Buy side spending on execution and order management systems rising year-on-year

Buy side spending on execution and order management systems rising year-on-year

Institutional investors spend between $1.5 billion and $2 billion per year on order management and execution management systems for their trading desks - a growing amount due to increased demands for compliance tools and the need to keep pace with rapid changes in market structure.

A new report from Greenwich Associates, 'Market Structure Changes Drive New Demands in OMS/EMS Technology', estimates annual buy-side spending on order management systems (OMS) and execution management systems (EMS) has increased 10% over the past two years.

Greenwich Associates asked 424 institutional investors globally about their use of OMS and EMS systems and other trading technology.

Among those polled, Bloomberg received the most mentions as an EMS and OMS provider. Charles River Development followed Bloomberg in OMS and ITG followed in EMS. ITG, Advent Software and Eze Software Group rounded out the top five in OMS while Charles River Development, Advent Software and FlexTrade were the five most-mentioned providers of EMS.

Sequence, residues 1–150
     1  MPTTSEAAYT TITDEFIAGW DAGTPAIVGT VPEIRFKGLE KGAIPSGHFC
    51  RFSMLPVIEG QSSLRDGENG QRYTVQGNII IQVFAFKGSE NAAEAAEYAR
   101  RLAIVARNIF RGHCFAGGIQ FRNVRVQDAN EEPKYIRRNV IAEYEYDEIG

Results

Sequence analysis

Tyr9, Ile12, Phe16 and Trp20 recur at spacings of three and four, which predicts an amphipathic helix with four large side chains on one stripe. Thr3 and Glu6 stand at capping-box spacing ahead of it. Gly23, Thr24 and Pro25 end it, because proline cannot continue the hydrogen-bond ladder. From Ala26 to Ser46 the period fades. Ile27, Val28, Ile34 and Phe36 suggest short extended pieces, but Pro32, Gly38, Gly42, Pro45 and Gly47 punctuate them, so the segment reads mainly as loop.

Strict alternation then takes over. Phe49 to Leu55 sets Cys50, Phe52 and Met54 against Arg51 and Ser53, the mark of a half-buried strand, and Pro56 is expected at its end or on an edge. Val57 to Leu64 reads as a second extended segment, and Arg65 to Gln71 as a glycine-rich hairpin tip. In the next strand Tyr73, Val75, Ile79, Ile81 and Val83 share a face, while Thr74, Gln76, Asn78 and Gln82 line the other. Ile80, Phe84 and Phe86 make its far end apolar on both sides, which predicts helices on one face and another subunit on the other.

While many technology vendors offer systems marketed as OEMS, or integrated OMS and EMS, the Holy Grail of a truly integrated OMS/EMS system, however, has yet to arrive, says Greenwich.

"Many of the platforms marketed as OEMS function more as side-by-side OMS and EMS as opposed to truly integrated solutions," says Greenwich Associates analyst Kevin Kozlowski. "Today's integrated platforms are used by only about 30% of institutions we interviewed and to date, the use of comprehensive, end-to-end systems has occurred primarily among smaller institutions and hedge funds."

A combination of cost pressures, compliance demands and liquidity fragmentation is driving increasing demand among larger buy-side institutions for integrated OEMS, he says.

Bloomberg, Charles River and ITG are all currently working to develop scalable integrated systems for the bulge-bracket end of the market. But Kozlowski cautions that the effort required to achieve true integration will be a complex undertaking requiring "significant experimentation and investments in R&D".

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